What Is Amdahl’s Law?


A Brief Introduction to Amdahl’s Law

Have you ever wondered how improvements in processing speed can affect the overall performance of a system? This is where Amdahl’s Law comes into play. Developed by computer architect Gene Amdahl in 1967, Amdahl’s Law provides a formula to calculate the potential speedup of a system based on the fraction of the workload that can be parallelized.

Key Takeaways:

  • Amdahl’s Law calculates the potential speedup of a system.
  • It takes into account the fraction of the workload that can be parallelized.

So, what exactly is Amdahl’s Law? Let’s dive into the details.

Amdahl’s Law is a fundamental principle in computer architecture and performance analysis. It states that the overall speedup of a system is determined by the fraction of the workload that can be parallelized. In simple terms, it helps us understand how much faster a system can operate when we make certain parts of it run in parallel.

To better grasp the concept, let’s consider an example. Imagine you have a computer program that consists of two parts: Part A and Part B. Part A takes up 70% of the program’s execution time, while Part B accounts for the remaining 30%. If you implement parallelization techniques and manage to speed up Part A by 10 times, the overall speedup of the system wouldn’t be 10 times, but rather less due to Amdahl’s Law.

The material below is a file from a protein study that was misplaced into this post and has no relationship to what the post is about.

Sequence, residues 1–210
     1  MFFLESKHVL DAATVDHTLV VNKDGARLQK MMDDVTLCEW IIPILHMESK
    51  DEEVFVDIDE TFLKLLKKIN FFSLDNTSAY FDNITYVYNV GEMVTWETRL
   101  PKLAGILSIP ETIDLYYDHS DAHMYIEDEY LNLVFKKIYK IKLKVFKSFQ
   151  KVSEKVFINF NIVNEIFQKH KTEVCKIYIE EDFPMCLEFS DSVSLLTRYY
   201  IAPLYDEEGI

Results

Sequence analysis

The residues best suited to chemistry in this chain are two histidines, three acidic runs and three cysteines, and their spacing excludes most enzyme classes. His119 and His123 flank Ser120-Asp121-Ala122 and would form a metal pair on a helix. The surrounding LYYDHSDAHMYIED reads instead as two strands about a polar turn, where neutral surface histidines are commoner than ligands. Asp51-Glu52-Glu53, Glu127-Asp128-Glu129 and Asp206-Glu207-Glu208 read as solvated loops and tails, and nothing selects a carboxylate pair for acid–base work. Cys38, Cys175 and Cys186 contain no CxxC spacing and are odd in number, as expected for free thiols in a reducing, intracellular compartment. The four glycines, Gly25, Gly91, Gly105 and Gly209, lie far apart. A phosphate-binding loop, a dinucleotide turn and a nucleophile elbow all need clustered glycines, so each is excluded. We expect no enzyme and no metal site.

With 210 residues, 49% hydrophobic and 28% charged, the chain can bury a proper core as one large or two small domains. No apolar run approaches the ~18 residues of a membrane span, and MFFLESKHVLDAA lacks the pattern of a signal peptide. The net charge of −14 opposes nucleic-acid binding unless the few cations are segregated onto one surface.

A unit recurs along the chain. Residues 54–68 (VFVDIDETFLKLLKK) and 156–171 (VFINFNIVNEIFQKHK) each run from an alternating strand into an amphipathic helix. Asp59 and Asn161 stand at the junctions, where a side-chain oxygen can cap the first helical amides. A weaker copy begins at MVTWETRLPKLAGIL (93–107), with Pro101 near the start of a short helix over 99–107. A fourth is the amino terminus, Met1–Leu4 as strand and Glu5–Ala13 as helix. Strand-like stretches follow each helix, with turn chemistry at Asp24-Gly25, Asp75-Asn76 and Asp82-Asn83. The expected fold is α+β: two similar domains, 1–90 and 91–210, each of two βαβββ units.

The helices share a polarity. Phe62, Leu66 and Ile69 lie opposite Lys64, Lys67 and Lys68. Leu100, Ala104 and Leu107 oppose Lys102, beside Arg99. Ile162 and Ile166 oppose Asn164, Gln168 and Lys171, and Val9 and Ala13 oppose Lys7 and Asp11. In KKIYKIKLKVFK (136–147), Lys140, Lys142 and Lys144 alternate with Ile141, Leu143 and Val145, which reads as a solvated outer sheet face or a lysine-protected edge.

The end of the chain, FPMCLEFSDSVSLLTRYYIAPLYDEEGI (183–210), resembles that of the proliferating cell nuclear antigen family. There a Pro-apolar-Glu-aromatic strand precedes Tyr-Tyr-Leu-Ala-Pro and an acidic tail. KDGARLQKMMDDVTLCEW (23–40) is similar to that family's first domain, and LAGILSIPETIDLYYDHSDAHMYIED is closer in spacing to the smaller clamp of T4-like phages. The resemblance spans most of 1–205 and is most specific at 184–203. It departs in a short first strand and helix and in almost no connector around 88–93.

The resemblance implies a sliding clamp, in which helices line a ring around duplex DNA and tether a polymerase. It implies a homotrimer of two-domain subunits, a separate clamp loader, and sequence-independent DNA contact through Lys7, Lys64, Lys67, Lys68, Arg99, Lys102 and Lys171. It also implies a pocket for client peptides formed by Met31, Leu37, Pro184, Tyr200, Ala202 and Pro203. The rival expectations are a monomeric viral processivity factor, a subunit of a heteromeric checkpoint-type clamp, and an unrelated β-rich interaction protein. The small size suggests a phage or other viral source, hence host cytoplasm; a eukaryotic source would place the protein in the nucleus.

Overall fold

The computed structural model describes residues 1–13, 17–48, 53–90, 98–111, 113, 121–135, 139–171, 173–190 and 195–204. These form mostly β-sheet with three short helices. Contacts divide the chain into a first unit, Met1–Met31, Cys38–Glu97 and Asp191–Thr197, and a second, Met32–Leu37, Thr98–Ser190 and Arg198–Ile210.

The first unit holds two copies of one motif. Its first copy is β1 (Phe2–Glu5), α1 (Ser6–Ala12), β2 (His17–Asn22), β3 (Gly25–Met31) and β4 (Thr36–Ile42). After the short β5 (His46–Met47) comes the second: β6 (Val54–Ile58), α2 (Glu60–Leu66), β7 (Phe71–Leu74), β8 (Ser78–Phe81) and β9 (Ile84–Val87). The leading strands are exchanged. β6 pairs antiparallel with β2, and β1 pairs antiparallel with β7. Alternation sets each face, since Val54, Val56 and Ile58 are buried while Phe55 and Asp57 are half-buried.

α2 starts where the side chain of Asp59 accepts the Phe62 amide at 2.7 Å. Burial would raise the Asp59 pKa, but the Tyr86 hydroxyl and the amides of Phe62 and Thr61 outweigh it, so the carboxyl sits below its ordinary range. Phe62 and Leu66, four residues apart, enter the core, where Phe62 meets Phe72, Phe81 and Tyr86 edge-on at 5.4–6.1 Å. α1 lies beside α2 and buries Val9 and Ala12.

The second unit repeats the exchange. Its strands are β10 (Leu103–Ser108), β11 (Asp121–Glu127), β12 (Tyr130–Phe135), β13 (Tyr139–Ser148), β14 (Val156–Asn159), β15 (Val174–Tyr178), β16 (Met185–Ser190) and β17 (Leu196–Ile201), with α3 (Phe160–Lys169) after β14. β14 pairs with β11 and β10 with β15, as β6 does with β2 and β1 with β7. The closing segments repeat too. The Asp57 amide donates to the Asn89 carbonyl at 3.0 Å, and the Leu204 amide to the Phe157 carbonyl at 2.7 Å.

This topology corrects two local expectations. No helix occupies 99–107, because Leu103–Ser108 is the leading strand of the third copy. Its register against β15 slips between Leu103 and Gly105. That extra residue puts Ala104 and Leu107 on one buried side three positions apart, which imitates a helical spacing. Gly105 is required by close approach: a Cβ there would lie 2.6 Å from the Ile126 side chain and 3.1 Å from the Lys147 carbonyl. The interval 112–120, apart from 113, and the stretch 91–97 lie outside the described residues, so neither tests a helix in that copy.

Amdahl’s Law is based on the following formula:

Speedup = 1 / [(1 – P) + (P / N)]


  • P represents the fraction of the workload that can be parallelized.
  • N represents the number of processors or cores.

By plugging in the values for ‘P’ and ‘N’, you can calculate the potential speedup of the system. However, it is important to note that Amdahl’s Law assumes a fixed problem size and workload distribution.

Now that we understand the basic concept of Amdahl’s Law, let’s explore its significance.

Amdahl’s Law serves as a guideline for system designers and architects. It emphasizes the importance of optimizing the non-parallelizable parts of a system to achieve significant performance gains. Simply throwing more processors at a problem may not always yield the expected speedup. System designers need to carefully analyze the workload and identify the parts that can be parallelized effectively.

Key Takeaways:

  • Amdahl’s Law is a guideline for system designers.
  • Optimizing non-parallelizable parts is crucial for significant performance gains.

In conclusion, Amdahl’s Law provides a formula to estimate the potential speedup of a parallel processing system. Understanding this law helps system designers make informed decisions regarding system architecture and optimization strategies. By carefully balancing the parallelizable and non-parallelizable parts, developers can unleash the full potential of a computing system and achieve efficient performance enhancement.